Veteran director Joel Schumacher has had an eclectic, sometimes distinguished, and never less than colorful career across four decades in Hollywood. Though for some his name is synonymous with the camp excesses of Batman Forever and Batman and Robin, the self-described “street kid from New York” boasts a much deeper and more varied filmography that includes cult gems, blockbuster thrillers and tense, micro genre pieces.
As a young production designer he worked on vintage Woody Allen movies like Sleeper and Interiors before penning a series of urban pictures — Car Wash, Sparkle and The Wiz — that bottled something of a minor cult zeitgeist. Schumacher made his debut behind the lens directing Lily Tomlin in The Incredible Shrinking Woman, and as the ’80s wore on he was responsible for the seminal “brat pack” films St. Elmo’s Fire and Flatliners, while in between he would helm 1987’s stone-cold classic The Lost Boys — back when teen vampires were original, funny and menacing. After unleashing an unforgettably mad-as-hell Michael Douglas on Los Angeles in Falling Down, Schumacher spent the ’90s alternating between high-profile adaptations like A Time To Kill and the candy-colored second-phase of Warner Bros.’ Batman franchise, where he was called upon, as he recounts, to render the dark knight more accessible (and, by his own admission, to became a salesman for a toy line).
Schumacher’s last decade has mostly seen him scaling back his projects, with the likes of Phone Booth, Tigerland and Veronica Guerin realigning the filmmaker with his preferred mode of lower budget, darker movies on the fringes. With his latest, the heightened home invasion thriller Trespass, starring Nicolas Cage and Nicole Kidman, in theatrical release this week, we spoke candidly with Schumacher about his career. Read on to hear his thoughts on Batman, including how he wanted to direct The Dark Knight and almost cast Nicolas Cage as the Scarecrow, his admiration for Christopher Nolan’s films, and his preference for smaller, darker films. But first, after much agonizing, he laid down his all-time five favorite films.
Voyna I Mir (War and Peace) (Sergei Bondarchuk, 1967; 100% Tomatometer)
I’d have to say number one is the Russian War and Peace, which is eight hours long [laughs] and is, I think, the greatest film ever made. Just in scope, and size, and the genius of Sergei Bondarchuk, and the majesty of it. It took 10 years to make, and everyone in it ages the 10 years [they do] in the book. So there are no other actors playing the other people; the children all grow 10 years and so do the older people. That’s pretty amazing in itself. And there was no CGI, so when you see the Battle of 1812 of Borodino it seems like there are just 50,000 soldiers on horseback. It was made by the Russian government, which is why they had access to everything and so much money. I would have to say that was my number one.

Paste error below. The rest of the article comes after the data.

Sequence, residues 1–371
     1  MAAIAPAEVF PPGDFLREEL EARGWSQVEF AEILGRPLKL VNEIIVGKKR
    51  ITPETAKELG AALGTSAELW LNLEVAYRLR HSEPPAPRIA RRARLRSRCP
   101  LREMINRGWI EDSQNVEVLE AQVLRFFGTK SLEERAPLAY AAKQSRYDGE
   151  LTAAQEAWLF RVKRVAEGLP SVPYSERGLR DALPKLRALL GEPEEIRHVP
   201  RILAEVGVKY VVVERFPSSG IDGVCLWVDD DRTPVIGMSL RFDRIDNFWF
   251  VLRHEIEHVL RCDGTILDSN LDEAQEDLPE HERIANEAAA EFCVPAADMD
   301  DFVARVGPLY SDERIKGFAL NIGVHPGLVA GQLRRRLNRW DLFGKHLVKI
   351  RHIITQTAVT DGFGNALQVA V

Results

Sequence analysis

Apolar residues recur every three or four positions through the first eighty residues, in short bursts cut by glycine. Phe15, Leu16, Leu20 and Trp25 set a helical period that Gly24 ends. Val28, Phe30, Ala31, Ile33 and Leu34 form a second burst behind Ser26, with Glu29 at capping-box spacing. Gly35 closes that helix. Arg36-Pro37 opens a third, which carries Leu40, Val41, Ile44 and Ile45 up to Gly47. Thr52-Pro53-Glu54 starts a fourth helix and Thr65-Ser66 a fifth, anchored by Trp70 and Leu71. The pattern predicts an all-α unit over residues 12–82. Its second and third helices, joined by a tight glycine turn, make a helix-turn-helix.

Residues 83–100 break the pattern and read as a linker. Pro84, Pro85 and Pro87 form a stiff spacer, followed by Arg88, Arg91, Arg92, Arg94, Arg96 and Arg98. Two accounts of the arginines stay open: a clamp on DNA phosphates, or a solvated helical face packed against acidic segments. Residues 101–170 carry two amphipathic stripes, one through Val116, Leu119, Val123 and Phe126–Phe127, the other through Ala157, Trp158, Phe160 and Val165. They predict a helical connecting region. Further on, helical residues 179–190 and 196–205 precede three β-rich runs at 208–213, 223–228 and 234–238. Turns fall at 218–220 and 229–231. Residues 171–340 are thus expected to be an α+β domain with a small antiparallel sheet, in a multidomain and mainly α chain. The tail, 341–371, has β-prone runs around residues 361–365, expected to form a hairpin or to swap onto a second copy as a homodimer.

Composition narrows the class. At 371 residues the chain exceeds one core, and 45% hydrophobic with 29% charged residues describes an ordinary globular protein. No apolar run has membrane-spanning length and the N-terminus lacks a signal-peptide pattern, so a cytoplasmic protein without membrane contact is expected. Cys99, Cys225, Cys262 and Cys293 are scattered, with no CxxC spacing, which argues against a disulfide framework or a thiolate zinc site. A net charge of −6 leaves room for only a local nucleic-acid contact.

Number two… I would usually say Lawrence of Arabia but I’m sure everyone says Lawrence of Arabia — and it is one of the greatest movies ever made — but I was trying to think of others, and I would have to say a Billy Wilder one. I would say Double Indemnity, only because it’s never been matched. That plot has been copied, you know, a million times, but that was the first. And his dialogue is great. Billy Wilder’s one of my favorite directors. I would like to pick five of his movies but I’ll say Double Indemnity because no-one’s ever matched it. Well, no-one’s ever matched Sunset Boulevard, either.
You worked as a production designer on a late film with Gloria Swanson. Did you ever meet her?
Yes. She was… she was odd. I’d read about how in the ’20s she had started a macrobiotic diet and was a great believer in Zen and seemed to be very ahead of her time, so I assumed I would be working with a highly enlightened human being. [Laughs] And I’m not saying she was unpleasant, but she was far from enlightened, and very critical of everything and everybody. But that’s okay — she was Gloria Swanson. [Laughs] Legends can act like legends.
The Cook, the Thief, His Wife & Her Lover is truly one of my favorite movies of all time. I think that it is, you know, Peter Greenaway’s genius, and it has my favorite actress in the world, Helen Mirren. It also has Michael Gambon, and Tim Roth — I mean, we could go on. The visuals are magnificent. I think it is the consummate piece about the greed of the ’80s. It’s pure theatre and it’s just a visual masterpiece.
Speaking of that, we must go to Blade Runner — true visual genius, and also in a class never matched. I saw it the first show, the first day, with a bunch of my friends. I can remember that because it was at the Cinerama dome in Hollywood, and it was on that huge screen with that incredible sound system. I still remember that great Vangelis music. But that opening — it’s embedded in my mind, that opening, with that scape of the city and its almost Mayan-like temple formation and those fires out of nowhere shooting up. Plus, Sean Young — that interview [with Harrison Ford’s Deckard] is unbelievable. I got a lovely letter from her last year. I worked with her on Cousins. Amazingly, amazingly beautiful. And of course it has the great Harrison Ford, and Edward James Olmos, and we could just go on and on with that movie. Daryl Hannah is great in it. And the doll guy, William Sanderson, who I got to work with on The Client — he played one of Tommy Lee Jones’ posse. One of the great things about my job is that I’ve been able to cast, sometimes, my favorite people.
Apocalypse Now. I would ordinarily say The Conversation, because it was so ahead of its time, but Apocalypse Now — another masterpiece. Also, a lot of these movies would never be made today. But — I’m leaving out Scorsese, I’m leaving out David Fincher; you know, I’m leaving out some of the great Europeans. I’m leaving out 100, or a 1000 movies that we could talk about. I’ve been a fan of Chris Nolan’s since I saw his black-and-white film, Following. I saw that movie in Paris years and years ago and I thought, “We’re gonna hear from this guy, this is an amazing talent.” I’m glad people really recognized it early enough to support him. There are so many other movies we could talk about. There are at least five David Leans. There are at least five Fellinis. Five Viscontis. John Ford. John Huston. Minelli. And Kubrick! I didn’t say Kubrick! I should be thrown out of film for that. It’s really hard. I don’t know how you do it.
Next, Schumacher talks about his career, his involvement with the Batman franchise, and why we prefers to make smaller films like this week’s thriller, Trespass.
RT: You mentioned Christopher Nolan. What did you think of his Batman films — were you impressed?